“The problem of retention in Unitarian Universalism”

Here’s a link to an important paper by Rev. Christana Wille-McKnight on how few of our Unitarian Universalist children and youth we retain once they grow up — “The problem of retention in Unitarian Universalism.” Here’s the first paragraph of the paper, to get you interested:

Over the last 40 years, Unitarian Universalism has emerged as a transformative movement in the United States. Our denomination has become a haven for people from a variety of faith backgrounds, well regarded for its acceptance of people regardless of race, creed, ethnicity, sexual orientation or physical or mental ability. Despite our success in welcoming people from other faiths into the Unitarian Universalist fold, we have not been as successful retaining as adult members people who have been raised from childhood as Unitarian Universalists. The cost of losing so many of the adult children that are raised in our faith is staggering….

This is for participants in the Renaissance module on ministry with youth that I am co-leading with Betty-Jeanne Rueters-Ward at Ferry Beach this week. Christana is now working on a UU church start in Norton, Massachusetts.

5 thoughts on ““The problem of retention in Unitarian Universalism””

  1. We mustn’t beat ourselves up too much about this — UUs are no worse (or better) than other denominations. IMO, it’s indicative of a shift in the culture, rather than some institutional failing. I blame media overload, replacement of cultural obligations with unlimited alternative choices (in almost every aspect of life), youth-oriented marketing and its attendant cultivated alienation.

    A search on “church youth retention” yields lots of interesting reading.

    But here’s another take on why fundamentalist churches have higher retention rates than “mainline” churches: http://ordealbymoleskine.wordpress.com/2010/07/15/mainline-youth/

    Do the ends in fact justify the means? And if not, should we wring our hands if we don’t get the results we want by using ethical means?

  2. I’ve often thought that UUs fall into two groups, using an educational paradigm. Being a religion of learning and discovery, the first group is those who Learned and Discovered. They then graduate, often never to be heard from again.

    The second group are the slow learners. They’re doomed to taking their classes over and over again.

    I’m guessing that not everyone is going to buy into this model, but it has a bit of truth to me.

  3. How do we compare to other denominations and associations? It is us, or is it religious institutions as a whole?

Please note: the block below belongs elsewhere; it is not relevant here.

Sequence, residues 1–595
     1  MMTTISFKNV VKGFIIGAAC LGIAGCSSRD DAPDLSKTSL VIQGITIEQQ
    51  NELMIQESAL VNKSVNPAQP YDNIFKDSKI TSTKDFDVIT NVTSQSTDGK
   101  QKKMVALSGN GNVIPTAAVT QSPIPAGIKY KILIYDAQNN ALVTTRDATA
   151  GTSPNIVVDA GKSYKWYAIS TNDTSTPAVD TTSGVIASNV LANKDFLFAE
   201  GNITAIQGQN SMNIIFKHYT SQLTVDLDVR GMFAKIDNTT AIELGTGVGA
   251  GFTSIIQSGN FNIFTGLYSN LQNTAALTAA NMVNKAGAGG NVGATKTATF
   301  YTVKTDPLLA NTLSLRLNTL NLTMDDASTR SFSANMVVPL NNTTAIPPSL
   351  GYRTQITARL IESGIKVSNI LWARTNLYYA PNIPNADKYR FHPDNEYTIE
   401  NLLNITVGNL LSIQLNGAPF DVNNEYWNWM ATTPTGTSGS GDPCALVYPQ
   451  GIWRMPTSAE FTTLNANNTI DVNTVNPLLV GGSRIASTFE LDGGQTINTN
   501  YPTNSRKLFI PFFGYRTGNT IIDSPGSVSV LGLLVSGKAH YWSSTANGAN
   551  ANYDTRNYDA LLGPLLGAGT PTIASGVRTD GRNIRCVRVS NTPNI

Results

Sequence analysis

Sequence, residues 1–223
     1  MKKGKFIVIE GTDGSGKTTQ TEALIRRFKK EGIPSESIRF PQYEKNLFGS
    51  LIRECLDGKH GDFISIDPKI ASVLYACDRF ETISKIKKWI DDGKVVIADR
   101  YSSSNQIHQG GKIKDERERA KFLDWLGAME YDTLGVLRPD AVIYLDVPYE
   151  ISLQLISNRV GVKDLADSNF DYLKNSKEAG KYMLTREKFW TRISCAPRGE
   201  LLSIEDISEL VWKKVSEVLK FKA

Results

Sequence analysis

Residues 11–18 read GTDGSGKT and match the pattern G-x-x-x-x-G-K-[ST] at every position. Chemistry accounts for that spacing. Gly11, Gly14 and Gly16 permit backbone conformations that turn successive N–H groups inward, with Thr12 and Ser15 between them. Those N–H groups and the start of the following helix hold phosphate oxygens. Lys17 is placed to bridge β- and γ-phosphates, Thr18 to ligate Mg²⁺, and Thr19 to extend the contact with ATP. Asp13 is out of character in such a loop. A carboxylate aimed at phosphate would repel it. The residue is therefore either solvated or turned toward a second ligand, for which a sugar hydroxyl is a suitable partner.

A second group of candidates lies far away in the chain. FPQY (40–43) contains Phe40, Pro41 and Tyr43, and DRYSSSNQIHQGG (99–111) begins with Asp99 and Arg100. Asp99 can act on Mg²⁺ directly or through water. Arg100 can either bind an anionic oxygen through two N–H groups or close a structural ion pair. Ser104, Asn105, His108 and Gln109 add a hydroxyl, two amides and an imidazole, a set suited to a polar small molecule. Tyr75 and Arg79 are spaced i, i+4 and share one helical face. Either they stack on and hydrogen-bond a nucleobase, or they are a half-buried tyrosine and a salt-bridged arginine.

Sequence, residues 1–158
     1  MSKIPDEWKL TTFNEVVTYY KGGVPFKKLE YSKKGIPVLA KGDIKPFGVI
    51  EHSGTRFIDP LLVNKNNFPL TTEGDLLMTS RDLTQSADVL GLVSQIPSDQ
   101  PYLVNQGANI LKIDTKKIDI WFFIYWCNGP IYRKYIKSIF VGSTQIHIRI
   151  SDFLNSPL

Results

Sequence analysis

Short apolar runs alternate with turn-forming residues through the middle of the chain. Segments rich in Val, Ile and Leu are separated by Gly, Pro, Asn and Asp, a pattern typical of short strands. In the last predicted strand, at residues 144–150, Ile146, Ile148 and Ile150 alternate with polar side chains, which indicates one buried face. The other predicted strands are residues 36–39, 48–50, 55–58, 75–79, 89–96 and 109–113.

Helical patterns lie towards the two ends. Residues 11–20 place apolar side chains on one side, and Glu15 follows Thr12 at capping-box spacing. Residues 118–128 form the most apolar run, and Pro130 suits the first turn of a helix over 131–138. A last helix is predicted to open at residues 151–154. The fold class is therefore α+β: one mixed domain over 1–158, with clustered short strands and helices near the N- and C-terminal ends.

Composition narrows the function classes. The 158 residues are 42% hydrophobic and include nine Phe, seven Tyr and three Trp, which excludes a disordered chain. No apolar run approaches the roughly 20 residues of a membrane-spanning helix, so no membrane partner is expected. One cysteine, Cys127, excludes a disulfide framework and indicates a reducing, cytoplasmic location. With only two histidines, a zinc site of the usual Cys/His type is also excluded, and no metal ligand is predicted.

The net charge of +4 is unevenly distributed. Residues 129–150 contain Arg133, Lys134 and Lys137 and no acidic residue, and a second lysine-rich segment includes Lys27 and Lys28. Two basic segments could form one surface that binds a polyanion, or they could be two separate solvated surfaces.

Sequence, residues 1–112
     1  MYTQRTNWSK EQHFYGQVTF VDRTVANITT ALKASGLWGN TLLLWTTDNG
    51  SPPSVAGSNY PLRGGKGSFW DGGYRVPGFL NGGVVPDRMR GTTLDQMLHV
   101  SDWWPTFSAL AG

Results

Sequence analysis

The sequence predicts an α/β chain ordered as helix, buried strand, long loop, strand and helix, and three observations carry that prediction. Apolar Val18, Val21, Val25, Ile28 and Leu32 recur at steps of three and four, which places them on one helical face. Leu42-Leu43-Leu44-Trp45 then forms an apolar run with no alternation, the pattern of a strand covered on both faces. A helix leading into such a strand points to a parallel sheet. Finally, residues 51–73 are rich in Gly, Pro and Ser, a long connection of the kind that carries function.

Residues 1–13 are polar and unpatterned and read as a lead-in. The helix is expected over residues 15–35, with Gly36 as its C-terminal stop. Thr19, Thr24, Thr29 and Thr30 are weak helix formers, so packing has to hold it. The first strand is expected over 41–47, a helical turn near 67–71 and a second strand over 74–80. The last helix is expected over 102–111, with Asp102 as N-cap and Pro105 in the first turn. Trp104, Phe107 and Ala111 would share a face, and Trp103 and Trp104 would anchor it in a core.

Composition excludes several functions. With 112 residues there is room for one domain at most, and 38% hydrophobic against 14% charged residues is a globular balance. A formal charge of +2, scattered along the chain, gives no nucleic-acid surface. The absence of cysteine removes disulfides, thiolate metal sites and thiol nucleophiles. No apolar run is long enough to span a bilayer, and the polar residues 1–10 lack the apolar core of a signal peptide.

My guess would be that Mormons and Jews are among the highest retainers, and otherwise that everyone else falls in the same low range, including us.

    Any idea?

  4. Vance @ 1 and Paul @ 3 — REad Christana’s paper, and you’ll see that Unitarian Unviersalists do much worse than other denominations. Our closest church cousins, the United Church of Christ, retain 48% of people who grew up in the faith, as opposed to less than 15% for Unitarian Universalists.

    Paul @ 2 — Yes, I think your model is a fairly accurate description of where we are. However, as someone who was raised a Unitarian Universalist, what I have found is that if you reframe things, the process of learning and discovery can continue for at least half a century — and for my mother who was raised Unitarian, the process continued until she died.

    Some of us like a spiral model of learning — you can spiral back to the same topic at different stages on your life journey, and that same topic can be quite new, allowing for new discovery each time you encounter it. So if we reframe our educational paradigm from a linear, unidirectional model, to a spiral or web, or a circling around and getting nearer and farther from a center (Gabriel Moran’s model) — then we could conceive of welcoming newcomers and retaining lifelong UUs within the same paradigm. This is one serious problem with the UUA’s adoption of a faith development paradigm for its religious education programs — faith development tends to push us towards a linear model.

  5. Having grown up UU, and having worked for the last decade and a half in just about every strata of our faith, UUA district staff, GAPC, congregational board, I have to say, there are many days when there’s only one reason I stay:

    UUism is the worst form of faith, Except for all the others.

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